Judge Sutton’s opinion is somewhat more limited than that of Judge Martin, and thus under principles of legal reasoning represents the true binding holding of the case.  Judge Sutton begins by setting out the arguments of the plaintiffs and of the federal government.  He then proceeds to address an argument that Judge Martin had chosen not to: whether the minimum coverage requirement could be justified as an exercise of Congress’ power to tax and spend for the general welfare.

Another loss for the government on the taxation power argument. The government had argued that the minimum coverage requirement was in fact enforced through a tax, and that Congress could impose such a tax under its taxation power.  The government has so far lost on this argument in every court in which it has been raised, and this was not to be an exception.  Judge Sutton addresses the argument at some length, however, perhaps because, as he admits, “if the legislature had used taxes in this part of the Affordable Care Act, the Act likely would be constitutional.”

Judge Sutton relies in part on the argument accepted by other courts that Congress called the exaction a penalty and not a tax, and Congress knows the difference. (When was the last time a candidate for elective office promised not to raise “penalties”? Sutton asks.)  But he goes further, examining at length the distinction between taxes and penalties and concluding that this was clearly a penalty.  Because Judge Graham joined in this section of Judge Sutton’s opinion, it represents the opinion of the court, another loss for the government on this issue.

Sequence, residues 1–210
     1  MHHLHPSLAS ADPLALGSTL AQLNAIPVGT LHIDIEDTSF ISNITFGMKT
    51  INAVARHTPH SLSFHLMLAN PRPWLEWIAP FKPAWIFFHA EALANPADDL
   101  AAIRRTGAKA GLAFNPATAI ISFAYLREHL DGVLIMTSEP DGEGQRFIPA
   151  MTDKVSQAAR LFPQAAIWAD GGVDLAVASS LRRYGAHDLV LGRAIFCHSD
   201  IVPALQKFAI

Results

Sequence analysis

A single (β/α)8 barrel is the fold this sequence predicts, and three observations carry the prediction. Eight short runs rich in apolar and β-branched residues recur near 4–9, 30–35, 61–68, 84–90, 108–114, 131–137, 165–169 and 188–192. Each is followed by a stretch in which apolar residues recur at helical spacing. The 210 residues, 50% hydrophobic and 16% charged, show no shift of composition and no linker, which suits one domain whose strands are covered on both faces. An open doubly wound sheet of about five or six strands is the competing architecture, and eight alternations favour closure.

Judge Sutton’s Commerce Clause analysis. Judge Sutton then moved on to the Commerce Clause argument, the real heart of the case.  Sutton provides his own history of Commerce Clause jurisprudence, noting that the Supreme Court has often proposed principles for limiting the reach of the Commerce power, but has also repeatedly abandoned these limiting principles.  He asks, however, whether the plaintiffs have finally discovered the true limits of the Commerce Clause: Congress cannot regulate inaction, requiring individuals to enter the stream of commerce who have not decided to do so.

Recognizing that “the courts of appeals are . . . utterly non-final in this case,” Judge Sutton rejects this limitation on the power of Congress.  Here he turns to what is for him the central feature of the case.  It is, as Judge Martin noted, a challenge to the ACA on its face, not as applied, and facial challenges are disfavored under principles of judicial restraint because they run the risk of broad constitutional decisions striking down laws that might be permissible as applied in some situations.

Recognizing this, Judge Sutton asks, does the minimum coverage requirement, at least in some contexts, regulate conduct that substantially affects commerce?  And second, is there something about the novelty of the requirement that nonetheless warrants striking it down?

Sutton finds the first question easier.  Delivery of health care, paying for health care, and health insurance all affect interstate commerce.  Here Sutton joins Martin in recognizing that what Congress is really regulating is self-insurance (or risk retention).  Individuals who choose not to purchase health insurance either save up for it or consume it and pass the cost on to others, but either approach affects interstate commerce, and Congress can regulate it.  Indeed, Judge Sutton recognizes that Congress is here regulating “quintessentially economic” conduct.